DARKNESS BEFORE DAWN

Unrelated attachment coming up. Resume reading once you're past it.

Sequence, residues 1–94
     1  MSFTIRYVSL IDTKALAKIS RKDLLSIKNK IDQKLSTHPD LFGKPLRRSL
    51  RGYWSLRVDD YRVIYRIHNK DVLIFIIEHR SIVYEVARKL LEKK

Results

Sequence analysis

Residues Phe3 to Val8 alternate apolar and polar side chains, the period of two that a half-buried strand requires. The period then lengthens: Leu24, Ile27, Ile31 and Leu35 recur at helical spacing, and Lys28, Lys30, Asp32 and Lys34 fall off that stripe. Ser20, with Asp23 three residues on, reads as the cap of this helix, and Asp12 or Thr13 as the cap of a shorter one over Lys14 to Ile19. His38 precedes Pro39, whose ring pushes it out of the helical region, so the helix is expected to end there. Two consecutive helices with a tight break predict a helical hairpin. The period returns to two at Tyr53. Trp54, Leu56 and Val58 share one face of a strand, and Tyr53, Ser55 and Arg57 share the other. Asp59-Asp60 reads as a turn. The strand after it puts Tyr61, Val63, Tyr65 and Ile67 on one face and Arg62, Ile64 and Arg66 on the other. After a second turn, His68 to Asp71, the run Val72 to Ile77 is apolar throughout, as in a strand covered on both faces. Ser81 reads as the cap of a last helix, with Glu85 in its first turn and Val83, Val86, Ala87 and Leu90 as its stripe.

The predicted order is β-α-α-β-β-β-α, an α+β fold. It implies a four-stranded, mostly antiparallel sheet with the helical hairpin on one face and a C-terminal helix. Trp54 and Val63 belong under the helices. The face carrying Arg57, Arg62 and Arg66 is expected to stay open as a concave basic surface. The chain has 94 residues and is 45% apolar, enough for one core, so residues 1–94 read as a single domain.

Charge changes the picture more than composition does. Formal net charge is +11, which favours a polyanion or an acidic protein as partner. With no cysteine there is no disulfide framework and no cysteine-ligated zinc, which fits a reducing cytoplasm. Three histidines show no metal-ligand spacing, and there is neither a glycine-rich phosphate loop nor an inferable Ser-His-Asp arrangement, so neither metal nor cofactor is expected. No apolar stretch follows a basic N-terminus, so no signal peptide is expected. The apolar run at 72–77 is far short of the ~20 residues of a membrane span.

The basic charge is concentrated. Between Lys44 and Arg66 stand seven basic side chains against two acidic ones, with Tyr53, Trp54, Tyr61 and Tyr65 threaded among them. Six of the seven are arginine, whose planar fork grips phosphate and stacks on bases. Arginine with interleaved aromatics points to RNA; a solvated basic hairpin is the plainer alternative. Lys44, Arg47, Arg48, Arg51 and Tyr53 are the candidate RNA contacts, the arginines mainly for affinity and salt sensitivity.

JOHN FISKE summed up the prevailing impression of the government of the Confederation in the title to his volume, The Critical Period of American History."The period of five years," says Fiske, "following the peace of 1783 was the most critical moment in all the history of the American people. The dangers from which we were saved in 1788 were even greater than were the dangers from which we were saved in 1865." Perhaps the plight of the Confederation was not so desperate as he would have us believe, but it was desperate enough. Two incidents occurring between the signing of the preliminary terms of peace and the definitive treaty reveal the danger in which the country stood. The main body of continental troops made up of militiamen and short-term volunteers -- always prone to mutinous conduct -- was collected at Newburg on the Hudson, watching the British in New York.